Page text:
Set of six sake or sencha cups with slip design and inscription

Artist: Miura Ken'ya (1821-1889)
Historical period(s)
Meiji era, late-19th century
Brown clay; white slip, iron pigment under transparent lead glaze
H x Diam (overall): 4.3 x 7.8 cm (1 11/16 x 3 1/16 in)
Japan, Tokyo
Credit Line
Gift of Charles Lang Freer
Freer Gallery of Art
Accession Number
On View Location
Currently not on view
Ceramic, Vessel

Sake cup (choko)

iridescence, Japan, Meiji era (1868 - 1912), sake

To 1904
Kosa Honma (1842-1909), to 1904 [1]

From 1904 to 1919
Charles Lang Freer (1854-1919), given by Kosa Honma in 1904 [2]

From 1920
Freer Gallery of Art, gift of Charles Lang Freer in 1920 [3]


[1] See Original Pottery List, L. 1310, Freer Gallery of Art and Arthur M. Sackler Gallery Archives.

[2] See note 1.

[3] The original deed of Charles Lang Freer's gift was signed in 1906. The collection was received in 1920 upon the completion of the Freer Gallery.

Previous Owner(s) and Custodian(s)

Honma Kosa (C.L. Freer source) 1842-1909
Charles Lang Freer 1854-1919


The vessel shape and bold brush application are intended to evoke Korean bowls roughly brushed with white slip--the so-called hakeme effect. Such bowls found favor among devotees of matcha, the whipped green tea consumed in the tea ceremony. But in this set, the diminutive size points to another form of tea drinking: sencha, the steeped tea which became widely popular at the beginning of the Meiji era. The aphorism inscribed on the sides of each piece, "The will of the people is the will of Heaven," has just the kind of scholarly flavor the devotees of sencha admired. Such a style is unique for Ken'ya, since most of his decorations feture stereotypical Kenzan flowers and grasses.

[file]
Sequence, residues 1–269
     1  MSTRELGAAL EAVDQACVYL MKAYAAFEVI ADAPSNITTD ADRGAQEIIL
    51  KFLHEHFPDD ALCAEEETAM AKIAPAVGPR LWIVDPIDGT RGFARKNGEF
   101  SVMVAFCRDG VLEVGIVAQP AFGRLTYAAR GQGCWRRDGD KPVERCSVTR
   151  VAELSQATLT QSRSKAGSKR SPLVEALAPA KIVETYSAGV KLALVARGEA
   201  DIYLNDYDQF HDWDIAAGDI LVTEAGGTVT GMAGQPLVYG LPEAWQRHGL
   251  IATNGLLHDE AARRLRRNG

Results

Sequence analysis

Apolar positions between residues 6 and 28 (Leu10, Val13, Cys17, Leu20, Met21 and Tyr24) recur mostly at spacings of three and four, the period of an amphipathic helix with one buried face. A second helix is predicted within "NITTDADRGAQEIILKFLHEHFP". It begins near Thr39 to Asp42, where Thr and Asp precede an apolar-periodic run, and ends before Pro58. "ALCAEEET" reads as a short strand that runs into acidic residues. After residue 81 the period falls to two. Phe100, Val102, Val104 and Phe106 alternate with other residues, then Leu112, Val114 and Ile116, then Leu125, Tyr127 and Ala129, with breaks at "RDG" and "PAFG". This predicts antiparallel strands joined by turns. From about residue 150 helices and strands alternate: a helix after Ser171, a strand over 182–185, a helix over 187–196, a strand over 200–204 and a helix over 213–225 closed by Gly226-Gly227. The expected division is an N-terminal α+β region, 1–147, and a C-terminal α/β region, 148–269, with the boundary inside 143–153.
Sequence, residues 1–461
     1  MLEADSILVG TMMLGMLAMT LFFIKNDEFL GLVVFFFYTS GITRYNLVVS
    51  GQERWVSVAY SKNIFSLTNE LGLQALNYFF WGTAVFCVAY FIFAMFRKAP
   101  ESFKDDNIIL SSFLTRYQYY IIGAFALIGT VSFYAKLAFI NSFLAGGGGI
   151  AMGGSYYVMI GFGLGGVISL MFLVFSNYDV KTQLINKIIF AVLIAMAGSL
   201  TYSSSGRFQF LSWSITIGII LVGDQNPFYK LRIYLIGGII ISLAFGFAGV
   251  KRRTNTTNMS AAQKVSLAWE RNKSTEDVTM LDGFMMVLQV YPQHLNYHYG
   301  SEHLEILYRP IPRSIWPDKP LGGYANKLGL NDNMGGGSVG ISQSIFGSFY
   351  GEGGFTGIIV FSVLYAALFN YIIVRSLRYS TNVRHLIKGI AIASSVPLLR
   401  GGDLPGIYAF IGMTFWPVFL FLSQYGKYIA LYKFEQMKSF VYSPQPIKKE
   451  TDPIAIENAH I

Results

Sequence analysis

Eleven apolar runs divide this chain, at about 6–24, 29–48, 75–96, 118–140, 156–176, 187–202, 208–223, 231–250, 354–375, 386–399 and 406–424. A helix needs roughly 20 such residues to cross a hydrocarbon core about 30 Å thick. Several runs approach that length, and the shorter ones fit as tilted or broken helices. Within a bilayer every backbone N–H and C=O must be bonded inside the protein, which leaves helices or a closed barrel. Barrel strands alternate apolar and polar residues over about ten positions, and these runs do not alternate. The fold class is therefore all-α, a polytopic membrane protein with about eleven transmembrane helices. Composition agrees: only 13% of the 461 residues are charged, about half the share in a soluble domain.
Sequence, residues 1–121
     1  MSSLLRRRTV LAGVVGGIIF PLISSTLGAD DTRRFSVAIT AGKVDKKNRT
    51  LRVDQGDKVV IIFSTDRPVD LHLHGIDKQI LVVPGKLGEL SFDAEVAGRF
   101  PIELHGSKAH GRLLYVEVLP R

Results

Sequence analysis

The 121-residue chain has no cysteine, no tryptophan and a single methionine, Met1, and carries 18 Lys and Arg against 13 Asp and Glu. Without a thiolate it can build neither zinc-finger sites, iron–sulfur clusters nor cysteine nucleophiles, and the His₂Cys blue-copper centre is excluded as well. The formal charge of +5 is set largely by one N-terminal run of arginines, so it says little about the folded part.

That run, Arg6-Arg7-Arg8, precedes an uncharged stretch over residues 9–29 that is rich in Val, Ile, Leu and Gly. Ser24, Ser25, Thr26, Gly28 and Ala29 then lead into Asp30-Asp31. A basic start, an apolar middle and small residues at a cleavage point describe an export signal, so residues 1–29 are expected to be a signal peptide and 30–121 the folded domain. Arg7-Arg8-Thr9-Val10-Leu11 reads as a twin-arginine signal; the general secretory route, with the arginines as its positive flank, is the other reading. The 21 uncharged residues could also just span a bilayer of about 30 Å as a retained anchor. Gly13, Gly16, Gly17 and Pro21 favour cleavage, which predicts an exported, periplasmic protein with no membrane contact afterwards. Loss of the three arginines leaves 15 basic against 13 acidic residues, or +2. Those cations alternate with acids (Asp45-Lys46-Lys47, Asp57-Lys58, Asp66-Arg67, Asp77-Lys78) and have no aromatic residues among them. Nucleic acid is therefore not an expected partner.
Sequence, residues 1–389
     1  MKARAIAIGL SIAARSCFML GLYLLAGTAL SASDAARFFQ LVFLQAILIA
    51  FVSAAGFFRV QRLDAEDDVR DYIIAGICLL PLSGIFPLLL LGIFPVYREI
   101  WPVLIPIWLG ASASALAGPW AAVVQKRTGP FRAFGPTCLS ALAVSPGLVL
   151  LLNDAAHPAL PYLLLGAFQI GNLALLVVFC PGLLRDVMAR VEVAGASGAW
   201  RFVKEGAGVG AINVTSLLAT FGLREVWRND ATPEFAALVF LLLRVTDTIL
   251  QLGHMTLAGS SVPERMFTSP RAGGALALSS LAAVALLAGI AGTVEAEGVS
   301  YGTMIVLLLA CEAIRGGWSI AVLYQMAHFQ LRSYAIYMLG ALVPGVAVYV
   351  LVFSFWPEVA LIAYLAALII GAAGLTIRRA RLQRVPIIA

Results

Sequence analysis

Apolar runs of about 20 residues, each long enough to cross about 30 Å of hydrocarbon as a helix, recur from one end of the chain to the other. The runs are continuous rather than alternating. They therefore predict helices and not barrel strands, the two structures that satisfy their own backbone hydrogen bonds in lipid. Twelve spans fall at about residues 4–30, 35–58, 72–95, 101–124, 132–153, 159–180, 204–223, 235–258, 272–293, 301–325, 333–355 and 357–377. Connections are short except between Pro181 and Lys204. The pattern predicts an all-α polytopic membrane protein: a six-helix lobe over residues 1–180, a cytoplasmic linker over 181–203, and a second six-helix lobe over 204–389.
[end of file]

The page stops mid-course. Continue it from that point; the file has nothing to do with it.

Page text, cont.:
Published References
  • , Kawahara Masahiko, Nakazato Tarouemon XII. Toji taikei [Complete Collection of Far Eastern Ceramics]. 48 vols., Tokyo, 1972-1978. vol. 7: pp. 4:13-19.
  • Mizuoka Tadanari, Narasaki Shoichi, Seizō Hayashiya. Nihon yakimono shusei. 12 vols., Tokyo, 1980-1982. vol. 1: pp. 150-151.
  • Nagasaka Kaneo. Toki Koza. multi-vol., Tokyo, 1938 - 1939. vol. 4: fig. 2:1-18.
  • Louise Allison Cort. Korean Influences in Japanese Ceramics. vol. 15, no. 5 Hong Kong, May 1984. p. 29.
  • Mitake Hideyuki. "尾形乾山を引き継いだ陶芸家たち: 三浦乾也一門 =." Potter of Ogata Kenzan believers: Miura Kenya and his partners. Tokyo. p.35, no. 94.
  • Richard L. Wilson. The Potter's Brush: The Kenzan Style in Japanese Ceramics. Exh. cat. Washington. cat. 47, p. 123.
  • Ken'ichiro Ono. Toki Daijiten [Encyclopedia of Pottery]. 6 vols., Tokyo. pp. 470-471.
Collection Area(s)
Japanese Art
Web Resources
Google Cultural Institute
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